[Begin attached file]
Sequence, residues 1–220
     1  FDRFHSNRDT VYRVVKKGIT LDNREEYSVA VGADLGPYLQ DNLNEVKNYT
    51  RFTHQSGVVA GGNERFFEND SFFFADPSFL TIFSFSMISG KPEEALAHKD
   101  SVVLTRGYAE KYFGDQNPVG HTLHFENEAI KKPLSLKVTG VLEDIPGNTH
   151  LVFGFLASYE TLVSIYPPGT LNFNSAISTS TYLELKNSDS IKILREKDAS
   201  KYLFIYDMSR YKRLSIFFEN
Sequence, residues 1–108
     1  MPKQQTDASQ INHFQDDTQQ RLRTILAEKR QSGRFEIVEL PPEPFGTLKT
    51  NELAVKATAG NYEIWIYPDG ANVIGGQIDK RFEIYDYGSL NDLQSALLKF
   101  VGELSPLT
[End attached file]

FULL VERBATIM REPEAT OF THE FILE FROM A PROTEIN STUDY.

Sequence, residues 1–220
     1  FDRFHSNRDT VYRVVKKGIT LDNREEYSVA VGADLGPYLQ DNLNEVKNYT
    51  RFTHQSGVVA GGNERFFEND SFFFADPSFL TIFSFSMISG KPEEALAHKD
   101  SVVLTRGYAE KYFGDQNPVG HTLHFENEAI KKPLSLKVTG VLEDIPGNTH
   151  LVFGFLASYE TLVSIYPPGT LNFNSAISTS TYLELKNSDS IKILREKDAS
   201  KYLFIYDMSR YKRLSIFFEN
Sequence, residues 1–108
     1  MPKQQTDASQ INHFQDDTQQ RLRTILAEKR QSGRFEIVEL PPEPFGTLKT
    51  NELAVKATAG NYEIWIYPDG ANVIGGQIDK RFEIYDYGSL NDLQSALLKF
   101  VGELSPLT